Why comparing fund performance to benchmarks can be misleading

  • Date: 12/07/2017

The active versus passive debate continues to generate headlines with campaigners on both sides making credible arguments. We at Thomas Miller Investment believe that a well-constructed portfolio will contain elements of both. To maintain a steadfast loyalty to one over the other would be to the detriment of client portfolios. In this article we explore why simply comparing fund performance to a benchmark can lead to incorrect conclusions and how portfolios can allocate to both and produce a more efficient outcome, particularly in global equity markets.
Much has been made of the underperformance of active US equity managers in recent times and some of these warnings do warrant investor attention. However it is equally important to understand the underlying drivers of performance for an equity market. The most popularly tracked US equity market is the S&P 500 with a market cap of over $21 trillion. By far the largest sector, accounting for nearly a quarter of the index, is the Technology sector. An area that has enjoyed huge growth in the last 10 years but not one without its risks as veterans of the infamous “dotcom bubble” of 2000 will testify to. The Technology sector is broadly recognised as a ‘growth’ industry where companies typically reinvest profits to grow, rather than pay them out as dividends to shareholders. 

Herein lies the issue when making simple inferences of performance relative to a benchmark. Many investors are focused on generating an income from their portfolio to sustain their retirement or lifestyle. As a result of their requirements, portfolios are positioned towards income generating (or dividend paying) stocks. Performance data reveals that returns for active US equity managers with a focus on generating income have been materially lower than the benchmark (S&P 500), principally because their investment style bias has been out of favour. Take the example of Facebook or Google (now called Alphabet), two companies that do not pay a dividend and thereby would not qualify for inclusion in an income portfolio. Yet despite not paying a dividend over the past 5 years (and accounting for over 4% of the benchmark) the capital growth of the two stocks amounts to a lofty 396% and 233%, respectively. Given the benchmark has achieved slightly over 100% over the same period one can see how an income-orientated investor, specifically, would have underperformed an S&P 500 benchmark.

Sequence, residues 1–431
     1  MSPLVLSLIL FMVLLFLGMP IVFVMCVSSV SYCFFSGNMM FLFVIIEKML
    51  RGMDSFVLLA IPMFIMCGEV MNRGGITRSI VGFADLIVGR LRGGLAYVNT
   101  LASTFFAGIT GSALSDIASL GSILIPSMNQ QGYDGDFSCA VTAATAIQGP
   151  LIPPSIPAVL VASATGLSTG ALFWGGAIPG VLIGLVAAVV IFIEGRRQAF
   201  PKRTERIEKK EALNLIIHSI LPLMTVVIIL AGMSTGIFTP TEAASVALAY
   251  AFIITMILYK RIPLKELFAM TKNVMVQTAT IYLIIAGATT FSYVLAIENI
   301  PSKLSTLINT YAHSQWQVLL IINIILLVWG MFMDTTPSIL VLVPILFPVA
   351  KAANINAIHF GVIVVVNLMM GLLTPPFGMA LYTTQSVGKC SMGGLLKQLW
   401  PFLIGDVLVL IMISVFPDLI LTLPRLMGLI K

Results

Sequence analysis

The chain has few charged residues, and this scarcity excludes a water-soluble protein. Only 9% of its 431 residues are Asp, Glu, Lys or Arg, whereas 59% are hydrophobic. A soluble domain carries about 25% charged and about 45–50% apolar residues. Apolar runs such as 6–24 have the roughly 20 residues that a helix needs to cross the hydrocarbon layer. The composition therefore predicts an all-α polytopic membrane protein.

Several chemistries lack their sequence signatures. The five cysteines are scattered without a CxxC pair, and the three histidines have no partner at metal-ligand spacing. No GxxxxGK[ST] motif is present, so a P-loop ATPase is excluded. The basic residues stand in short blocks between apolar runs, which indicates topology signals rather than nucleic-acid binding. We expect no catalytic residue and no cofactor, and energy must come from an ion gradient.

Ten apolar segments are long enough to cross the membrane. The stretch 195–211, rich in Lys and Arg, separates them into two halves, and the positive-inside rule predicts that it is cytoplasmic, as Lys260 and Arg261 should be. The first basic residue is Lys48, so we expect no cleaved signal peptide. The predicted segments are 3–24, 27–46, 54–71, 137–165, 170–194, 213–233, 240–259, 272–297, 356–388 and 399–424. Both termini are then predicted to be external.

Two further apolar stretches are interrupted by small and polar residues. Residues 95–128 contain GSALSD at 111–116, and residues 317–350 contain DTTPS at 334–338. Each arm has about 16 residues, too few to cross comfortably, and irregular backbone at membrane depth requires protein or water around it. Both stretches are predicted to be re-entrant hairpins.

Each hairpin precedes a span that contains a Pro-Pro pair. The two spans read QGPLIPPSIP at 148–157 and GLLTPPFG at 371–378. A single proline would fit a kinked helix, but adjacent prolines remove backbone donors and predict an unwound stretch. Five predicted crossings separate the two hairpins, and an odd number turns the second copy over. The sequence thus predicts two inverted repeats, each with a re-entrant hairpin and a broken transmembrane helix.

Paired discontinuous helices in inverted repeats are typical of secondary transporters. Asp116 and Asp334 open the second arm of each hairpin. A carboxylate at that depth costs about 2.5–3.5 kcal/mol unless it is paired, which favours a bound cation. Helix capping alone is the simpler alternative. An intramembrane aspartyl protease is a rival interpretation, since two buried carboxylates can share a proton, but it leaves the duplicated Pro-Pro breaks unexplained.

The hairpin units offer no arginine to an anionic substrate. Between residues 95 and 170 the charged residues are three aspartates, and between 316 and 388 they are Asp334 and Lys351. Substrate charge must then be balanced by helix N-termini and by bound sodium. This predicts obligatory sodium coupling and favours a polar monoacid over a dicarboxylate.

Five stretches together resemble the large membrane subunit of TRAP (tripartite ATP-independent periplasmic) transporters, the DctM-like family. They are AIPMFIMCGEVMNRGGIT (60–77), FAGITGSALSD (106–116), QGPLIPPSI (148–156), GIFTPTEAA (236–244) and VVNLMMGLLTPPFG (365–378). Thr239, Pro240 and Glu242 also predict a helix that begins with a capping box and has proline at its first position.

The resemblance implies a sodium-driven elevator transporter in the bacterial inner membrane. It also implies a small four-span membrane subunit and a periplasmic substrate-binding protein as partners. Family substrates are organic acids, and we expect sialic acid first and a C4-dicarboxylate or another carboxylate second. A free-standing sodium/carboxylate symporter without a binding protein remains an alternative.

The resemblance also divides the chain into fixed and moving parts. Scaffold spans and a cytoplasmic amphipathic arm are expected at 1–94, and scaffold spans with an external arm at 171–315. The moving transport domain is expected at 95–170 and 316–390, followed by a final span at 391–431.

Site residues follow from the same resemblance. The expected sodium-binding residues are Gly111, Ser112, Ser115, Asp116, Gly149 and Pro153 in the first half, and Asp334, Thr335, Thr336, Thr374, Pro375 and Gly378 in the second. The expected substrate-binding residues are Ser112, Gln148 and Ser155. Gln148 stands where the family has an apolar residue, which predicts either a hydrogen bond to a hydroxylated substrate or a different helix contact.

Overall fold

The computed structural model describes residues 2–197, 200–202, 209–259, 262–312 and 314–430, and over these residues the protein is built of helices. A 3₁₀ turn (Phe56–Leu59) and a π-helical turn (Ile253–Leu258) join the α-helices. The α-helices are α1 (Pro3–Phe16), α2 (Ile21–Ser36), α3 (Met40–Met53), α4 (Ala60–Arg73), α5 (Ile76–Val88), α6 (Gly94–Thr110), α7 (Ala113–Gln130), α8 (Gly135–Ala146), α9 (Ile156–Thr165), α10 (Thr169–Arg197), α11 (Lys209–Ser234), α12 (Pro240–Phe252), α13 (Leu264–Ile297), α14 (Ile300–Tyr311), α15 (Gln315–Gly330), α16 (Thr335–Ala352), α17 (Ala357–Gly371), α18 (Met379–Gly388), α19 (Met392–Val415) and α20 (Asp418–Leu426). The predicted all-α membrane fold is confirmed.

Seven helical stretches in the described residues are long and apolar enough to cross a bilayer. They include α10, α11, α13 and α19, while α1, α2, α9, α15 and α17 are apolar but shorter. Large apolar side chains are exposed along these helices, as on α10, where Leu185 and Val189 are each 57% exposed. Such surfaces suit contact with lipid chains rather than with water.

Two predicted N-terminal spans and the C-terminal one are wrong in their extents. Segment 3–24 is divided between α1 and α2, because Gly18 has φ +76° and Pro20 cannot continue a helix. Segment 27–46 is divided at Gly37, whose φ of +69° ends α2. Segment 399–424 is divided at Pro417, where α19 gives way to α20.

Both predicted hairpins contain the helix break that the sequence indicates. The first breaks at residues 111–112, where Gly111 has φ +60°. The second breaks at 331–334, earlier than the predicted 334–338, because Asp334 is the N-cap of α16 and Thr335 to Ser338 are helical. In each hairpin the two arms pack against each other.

For the UK equity market, a strong understanding of the underlying sector biases (and, again, thereby performance drivers) within an index is just as important. In the middle of 2014, prior to the oil price crash, Energy companies accounted for almost 18% of the FTSE 100 – dominated by the likes of Shell and BP. Unsurprisingly, as commodity prices fell that summer, so too did the benchmark (FTSE 100). Both continued to do so for the next 18 months. During this period active managers in the UK were able to significantly outperform the benchmark, avoiding commodity-related companies and being broadly quite nimble. As the oil price bottomed out at the start of 2016, Thomas Miller Investment rotated away from active managers and into the passive tracker. Knowing our active managers were structurally underweight the Energy sector, portfolios were able to benefit from a cyclical upswing in the global economy as the oil price rallied back.
Then again at the start of 2017, for reasons not limited to commodity prices, portfolios moved back towards active UK equity managers and away from the passive tracker. A considerable level of outperformance of the FTSE 100 benchmark has been achieved through our investment process. In seeking to understand where our active managers hold genuine skill and where the benchmark contains structural biases we have been able to add alpha. Indeed the UK equity allocation has been an important driver of returns for client portfolios. 

We believe that divergences in sector returns is only the start of the journey back to a more normalised economic environment. With a more transparent read on the underlying economy, one possibly less manipulated by central bank intervention, active managers now have the platform to outperform their respective benchmarks. Furthermore we make the argument that to invest in passive-only portfolios ignores the inherent risks that exist within every equity market. Whilst the passive approach may have worked well in the US equity market, the same cannot be said for the UK equity market. For the UK investor with a dominant home bias to their equity allocation the difference in return profile is material. Whilst opportunities to outperform their equity market benchmarks will improve for active managers, it remains fundamental to performance in a multi-asset portfolio that investors understand the underlying risks to a passive tracker are just as important. 

Jordan Sriharan
Head of Collectives Research

Article first appeared in:
Trustnet (12th July 2017)

Opinions, interpretations and conclusions expressed in this document represent our judgement as of this date and are subject to change. Furthermore, the content is not intended to be relied upon as a forecast, research or investment advice, and is not a recommendation, offer or a solicitation to buy or sell any securities or to adopt any investment strategy.

Thomas Miller Investment is the trading name of the businesses in the Thomas Miller Investment Group. This note has been issued by Thomas Miller Wealth Management Limited which is authorised and regulated by the Financial Conduct Authority (Financial Services Register Number 594155) and is a company registered in England, number 08284862